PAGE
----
A new vaccine protects nine out of ten women against cervical cancer linked to two strains of the deadly human papillomavirus (HPV), according to a study published Thursday.
HPV types 16 and 18 account for 70 percent of cervical cancer cases worldwide, which number about 500,000 per year, according to the UN Population Fund (UNFPA).
If left untreated, invasive cervical cancer is almost always fatal.
In a clinical trial, more than 9,000 women were vaccinated with the experimental drug, with a control group receiving a vaccine for hepatitis A.
Over a 15-month follow up period, the drug showed a 90.4 percent efficacy against the kind of pre-cancerous lesions that are a precursor to full-blown cervical cancer.
"The vaccine is effective, well-tolerated and immunogenic" -- meaning it produces an immune response -- "in a broad population of young adult women," said University of Helsinki professor Jorma Paavonen, who led the study.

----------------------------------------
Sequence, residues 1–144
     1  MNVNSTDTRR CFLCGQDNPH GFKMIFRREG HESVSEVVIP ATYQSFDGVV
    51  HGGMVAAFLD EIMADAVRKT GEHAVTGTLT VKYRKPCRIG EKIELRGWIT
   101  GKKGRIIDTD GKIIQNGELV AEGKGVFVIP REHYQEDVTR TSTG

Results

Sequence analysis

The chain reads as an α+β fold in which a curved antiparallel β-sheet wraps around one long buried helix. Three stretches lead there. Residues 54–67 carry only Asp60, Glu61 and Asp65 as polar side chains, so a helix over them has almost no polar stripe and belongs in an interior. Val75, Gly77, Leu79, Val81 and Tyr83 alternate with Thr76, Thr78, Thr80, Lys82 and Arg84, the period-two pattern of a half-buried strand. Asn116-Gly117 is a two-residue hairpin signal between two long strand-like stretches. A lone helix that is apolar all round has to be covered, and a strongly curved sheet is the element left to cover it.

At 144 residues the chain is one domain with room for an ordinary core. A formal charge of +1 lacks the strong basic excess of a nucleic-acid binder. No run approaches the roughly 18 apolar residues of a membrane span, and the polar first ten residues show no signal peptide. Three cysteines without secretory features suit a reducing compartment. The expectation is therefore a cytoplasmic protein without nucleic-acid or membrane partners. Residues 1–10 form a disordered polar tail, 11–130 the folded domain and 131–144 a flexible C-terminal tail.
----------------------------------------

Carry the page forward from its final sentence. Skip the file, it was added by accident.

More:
Side-effects were minimal, the study found.
The drug being tested, which has yet to go to market, would be sold under the brand name Cervarix, and is manufactured by British firm GlaxoSmithKline, which funded the study.
A similar drug produced by US firm Merck, Gardasil, also vaccinates against HPV types 16 and 18, and has already been approved for sale in many countries.
More than half of the women vaccinated in the phase III trials were from Finland, with the rest coming from 13 other countries, including many in the developing world, where 90 percent of new cases occur.
"The vaccine is not therapeutic but prophylactic," Paavonen said by telephone, explaining that it would not benefit women who already test positive for both of the targeting virus strains.
But those who were exposed to only one of the strains would be protected from the other, and even those who had been exposed to both "received some cross-protection from other strains," he said.
Cervical cancer is the second most common type of cancer among women, with deaths projected to rise by almost 25 percent over the next 10 years, according to the UNFPA.
Earlier this month the British government took steps towards vaccinating girls as young as 12 against the sexually-transmitted virus, a measure that could be implemented by late next year.